Connor Zebrowski grew up going to Busch Gardens in Williamsburg, Virginia, and twice hit up Cedar Point
while visiting family in Ohio.
He rode rides. He ate junk food. He saw his future.
“From 3 years old, (I knew) exactly what I wanted to do with my life,” the 21-year-old Zebrowski says during a recent phone interview.
When it came time for the 2020 graduate of Deep Run High School in Glen Allen, Virginia, outside Richmond, to pick a college, someone told him about Bowling Green State University’s new Bachelor of Science in Resort and Attraction Management – aka RAAM – program.
According to the college, it is the only resort-and-attraction-management degree embedded in a theme park, with juniors and seniors attending BGSU Firelands and getting real-world experience working at Cedar Point.
“I looked into it, met with Swathi, and I was like, ‘This is exactly the major for me,” Zebrowski says.
“Swathi” is Dr. Swathi Ravichandran, a professor who in 2019 was named founding director of the RAAM program.
“I always say I get to stand in front and take credit for things that I didn’t really accomplish because I tend to be the face of the program,” Ravichandran says during a separate phone conversation. “A lot of the groundwork and hard work for the program really was done many years before I was even hired.”
Regardless, she leads a program set for the first time to admit international students. While BGSU Firelands received approval to accept students from abroad in 2021, the RAAM program got its approval only in August, so it does not yet have any in attendance.
“I have gotten inquiries from them over years,” Ravichandran says, “and I’ve just had to tell them, ‘Just hold on. We’re new. It’s going to take a couple of years for us to do what we need to do to get you all in.’ And we’re at that point now.”
She stresses the uniqueness of RAAM for all students.
“This really is a pretty new model for higher education (in which) a publicly traded company and a public university come together to prepare students in a manner that they not just get the academic, theoretical knowledge in the classroom, but they also get that very, very valuable in-the-field learning experience with our partner in (Cedar Point parent company) Cedar Fair.”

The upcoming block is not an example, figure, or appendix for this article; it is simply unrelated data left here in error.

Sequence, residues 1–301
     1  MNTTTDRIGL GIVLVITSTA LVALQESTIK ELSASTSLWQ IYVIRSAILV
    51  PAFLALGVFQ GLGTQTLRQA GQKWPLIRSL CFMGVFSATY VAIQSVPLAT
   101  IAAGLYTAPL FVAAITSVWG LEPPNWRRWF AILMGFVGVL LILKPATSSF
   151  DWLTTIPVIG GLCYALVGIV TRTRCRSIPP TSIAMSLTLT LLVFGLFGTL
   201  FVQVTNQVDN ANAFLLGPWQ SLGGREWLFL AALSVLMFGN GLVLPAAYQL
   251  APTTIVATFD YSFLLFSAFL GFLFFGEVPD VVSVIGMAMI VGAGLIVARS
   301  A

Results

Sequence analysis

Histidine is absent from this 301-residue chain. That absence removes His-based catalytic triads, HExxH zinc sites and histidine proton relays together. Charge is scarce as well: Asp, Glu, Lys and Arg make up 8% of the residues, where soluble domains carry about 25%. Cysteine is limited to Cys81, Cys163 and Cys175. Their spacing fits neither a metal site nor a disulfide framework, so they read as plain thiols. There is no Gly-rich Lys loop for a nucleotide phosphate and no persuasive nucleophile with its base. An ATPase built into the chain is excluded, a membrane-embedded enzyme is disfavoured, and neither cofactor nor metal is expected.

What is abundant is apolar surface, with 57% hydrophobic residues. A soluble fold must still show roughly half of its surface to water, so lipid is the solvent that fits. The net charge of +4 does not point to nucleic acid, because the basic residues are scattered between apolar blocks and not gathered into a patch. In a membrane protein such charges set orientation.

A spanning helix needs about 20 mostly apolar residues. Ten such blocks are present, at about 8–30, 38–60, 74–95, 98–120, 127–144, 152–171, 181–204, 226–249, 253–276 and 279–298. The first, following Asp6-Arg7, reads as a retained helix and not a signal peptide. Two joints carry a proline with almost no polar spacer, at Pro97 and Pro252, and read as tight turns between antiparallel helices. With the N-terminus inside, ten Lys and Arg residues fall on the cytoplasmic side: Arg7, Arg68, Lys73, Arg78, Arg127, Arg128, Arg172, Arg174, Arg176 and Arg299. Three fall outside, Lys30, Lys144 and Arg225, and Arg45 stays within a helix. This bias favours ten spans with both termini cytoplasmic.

Yet while that is the signature aspect of the program, Ravichandran says it’s not the most impressive component to her. Instead, it’s that the experience is tailored as much as possible to the person while also aiming to expand one’s horizons.
“I have a lot of students who are very interested in the people-facing aspect of the job because they associate these types of organizations with those amazing positive memories from when they grew up going to these places, and now they want to play a role in delivering those amazing experiences for future generations,” she says. “But the reality is this is a business, so we also want to make sure that our students have the opportunity to work in finance or accounting, with fraud detention, or they have the opportunity to work in marketing (or human resources).”
To that end, Ravichandran says she and her Cedar Fair counterpart spend time with each student to help select his or her job for the upcoming summer.
“That relationship between these two institutions is so incredibly strong,” she says. “The mark of a good partner is always one that sticks with you and does their best even when things aren’t going so well – and we started right during the middle of the pandemic. We started summer ’20. I could not ask for a better partner than Cedar Fair in still making sure that we moved forward and we provided our students valuable learning experiences.”